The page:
The question every NFL prospect faces is whether they can handle pressure in the big moments. And in Smith's case, that question has been asked and answered, counselor. So let's move on. As a freshman he caught the game winner in overtime against Georgia to win the National Title. And in last year's championship, took a flamethrower to the place, with 12 catches, 215 yards and three scores, in the 1st half. Ohio State essentially could've not covered him at all and gotten the same results. In all he caught a preposterous 117 balls for over 1,800 yards and became the first receiver to win the Heisman in 30 years. His best asset is his release, with a suddenness off the line that makes him next to impossible to play press coverage on and enables him to get over the top of corners. The obvious concern with him is that middle number after his name. He's listed at 175, but at the Senior Bowl, he avoided getting weighed like the floor of the scale was lava, and some people think he might be as low as 165. I'm 165, and I'm an aging, sedentary writer who doesn't have to worry about outmuscling Stephon Gilmore. He lined up a lot outside the numbers at Bama, and showed a tendency to be run out of bounds by stronger, more physical defenders. As a pro, he projects more as a slot guy or a "move" type of Z-receiver. Where he goes will depend on who doesn't have concerns about his lack of size at the next level. 

Compares to the other leading brand: Marvin Harrison

Jaylen Waddle, Alabama. 5-10, 182 lb, 4.39

A four star recruit coming out of high school in Texas, Waddle produced 18 catches and 13 scores in his first two seasons. Then started last year hotter than a Guatemalan Insanity Pepper, with four straight 100 yard games before missing all but a few snaps in the title game with an ankle injury. He's considered the best route runner in the Class of '21, with good release, followed by fluid acceleration, pure speed, and the ability to get into his breaks without having to gear down. (Which is the way we used to talk about cars in ads where they're driving on wet roads by masculine, stylish men. Before they all ended up being about how many kids you can fit in the back and how relaxing the sound system is. I miss my old America. But I digress.) That skill set makes him a dynamic playmaker on the entire route tree: short, intermediate and vertical. And you can utilize his ability to make people miss in your Jet Sweep packages. If there are questions, they're about his relative lack of experience and how much of his ability to find space was because Smith was drawing the coverage. But he won't drop out of the 1st round by any means.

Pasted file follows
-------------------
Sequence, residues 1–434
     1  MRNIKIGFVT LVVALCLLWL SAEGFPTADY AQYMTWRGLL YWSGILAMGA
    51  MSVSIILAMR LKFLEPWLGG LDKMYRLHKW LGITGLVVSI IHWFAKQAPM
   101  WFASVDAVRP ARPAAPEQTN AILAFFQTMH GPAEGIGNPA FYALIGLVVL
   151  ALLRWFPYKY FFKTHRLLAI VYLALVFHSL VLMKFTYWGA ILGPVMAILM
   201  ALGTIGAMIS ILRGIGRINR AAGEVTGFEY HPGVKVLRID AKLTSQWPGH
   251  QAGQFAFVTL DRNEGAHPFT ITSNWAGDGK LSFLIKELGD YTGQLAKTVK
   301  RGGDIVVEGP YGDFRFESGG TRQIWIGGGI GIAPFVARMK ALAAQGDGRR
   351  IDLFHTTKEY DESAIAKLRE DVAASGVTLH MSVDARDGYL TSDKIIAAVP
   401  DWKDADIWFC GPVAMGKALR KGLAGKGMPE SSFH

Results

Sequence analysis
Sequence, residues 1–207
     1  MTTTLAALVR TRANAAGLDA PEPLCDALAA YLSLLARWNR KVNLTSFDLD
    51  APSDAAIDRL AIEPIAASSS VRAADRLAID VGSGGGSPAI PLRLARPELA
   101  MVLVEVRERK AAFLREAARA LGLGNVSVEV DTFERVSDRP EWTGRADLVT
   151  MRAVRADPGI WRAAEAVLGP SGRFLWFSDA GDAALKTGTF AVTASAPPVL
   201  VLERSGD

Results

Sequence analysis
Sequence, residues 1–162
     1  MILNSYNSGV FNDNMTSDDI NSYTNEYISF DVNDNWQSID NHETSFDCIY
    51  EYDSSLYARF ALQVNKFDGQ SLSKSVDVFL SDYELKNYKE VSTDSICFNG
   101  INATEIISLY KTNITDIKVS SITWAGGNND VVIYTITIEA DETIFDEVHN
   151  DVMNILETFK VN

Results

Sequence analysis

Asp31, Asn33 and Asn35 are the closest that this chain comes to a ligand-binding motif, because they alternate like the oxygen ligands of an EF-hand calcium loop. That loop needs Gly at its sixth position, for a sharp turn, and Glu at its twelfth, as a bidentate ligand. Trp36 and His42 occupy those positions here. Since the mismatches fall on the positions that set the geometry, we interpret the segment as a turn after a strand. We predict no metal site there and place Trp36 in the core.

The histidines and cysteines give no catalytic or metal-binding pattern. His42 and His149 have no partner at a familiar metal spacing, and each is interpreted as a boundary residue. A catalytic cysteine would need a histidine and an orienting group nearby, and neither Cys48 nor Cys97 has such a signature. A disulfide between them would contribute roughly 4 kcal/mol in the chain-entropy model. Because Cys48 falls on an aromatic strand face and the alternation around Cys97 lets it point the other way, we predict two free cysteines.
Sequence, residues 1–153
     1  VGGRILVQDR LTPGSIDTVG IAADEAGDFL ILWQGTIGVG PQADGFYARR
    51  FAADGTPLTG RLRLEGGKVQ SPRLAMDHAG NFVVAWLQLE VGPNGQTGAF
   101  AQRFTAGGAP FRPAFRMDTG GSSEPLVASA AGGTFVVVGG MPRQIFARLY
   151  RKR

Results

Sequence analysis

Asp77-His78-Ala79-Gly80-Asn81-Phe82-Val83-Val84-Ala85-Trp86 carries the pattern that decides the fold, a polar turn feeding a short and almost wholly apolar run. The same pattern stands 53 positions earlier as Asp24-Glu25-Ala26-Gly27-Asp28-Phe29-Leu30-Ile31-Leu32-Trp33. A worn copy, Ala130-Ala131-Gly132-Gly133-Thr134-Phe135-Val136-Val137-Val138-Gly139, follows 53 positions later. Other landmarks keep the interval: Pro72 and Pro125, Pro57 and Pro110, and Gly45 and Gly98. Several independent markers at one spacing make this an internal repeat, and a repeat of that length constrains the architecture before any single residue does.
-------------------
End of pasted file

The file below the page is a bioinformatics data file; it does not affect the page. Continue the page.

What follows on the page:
Compares to the other leading brand: Tyreek Hill

The Next Tier: 

Kadarius Toney, Florida. 5-11, 189 lb, 4.43

Toney is one of those versatile multi-tools with the set of pliers, screwdriver and bottle opener that all fold into the handle. A former high school quarterback who went from 10 catches in 2019 to 70 last year, with 460 career rushing yards and experience returning kicks. He had some huge games against top schools, such as his 180 yards against LSU and 150 against Bama. He's better after the catch than anyone on this list. He's got lateral quickness and advanced footwork work pivot, option and angle routes underneath, and break back on the ball after running off a defender. Plus the explosiveness to made himself a legitimate deep threat. And the toughness to fight through contact, which he'll need as a pro because there's some question about how well he's able to get free of jams at the line. For some team who can't get their grubby picks on one of the top three, Toney might end up being that McLaurin-type steal. 

Compares to the other leading brand: Deebo Samuel

Rashod Bateman, Minnesota. 6-2, 210 lb, 4.55

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Bateman is another big YAC guy, as he showed in 2019 with 60 catches for over 1,200 yards and 11 TDs. Last year, like a lot of guys, he opted out. Then, like very few guys, opted back in. In five games after returning he caught 36 balls for 476 yards. Minnesota didn't run a particularly complex passing offense, so his routes were somewhat limited. He's not physically imposing and maybe could grow more into an NFL-caliber frame. He's a more of a long strider once he gets going, but is sudden and explosive off the snap. With his strong hands and a vertical leap that would've been fun to watch at the Indianapolis Kennel Club, he wins a lot of 50/50 balls with his ability to high point. He might need time to develop into a more involved scheme than the one he's used to, but he's an intriguing Day 2 prospect. 

Compares to the other leading brand: Michael Thomas

Terrace Marshall, LSU. 6-4, 200 lb, 4.46

Dad joke: At my school, Terrace Marshall is what you became if you couldn't cut it in the Hall Monitor force. With that out of the way, here's yet the latest model off the LSU wideout assembly line. He was such a standout in high school that he was one of the most recruited players in his state even though he missed his whole senior year with an injury. He became the Tigers WR1 after Jefferson left and Chase opted out, and was good for 104.4 yards per game. He's got the prototype length and speed pro personnel guys love. He's a fluid, easy runner. He's shown a disturbing proclivity for focus drops, especially on the easy, short ones, while making the tough ones at top levels. He'll also use his size, power, and willingness to stick his nose in to help out in the run game.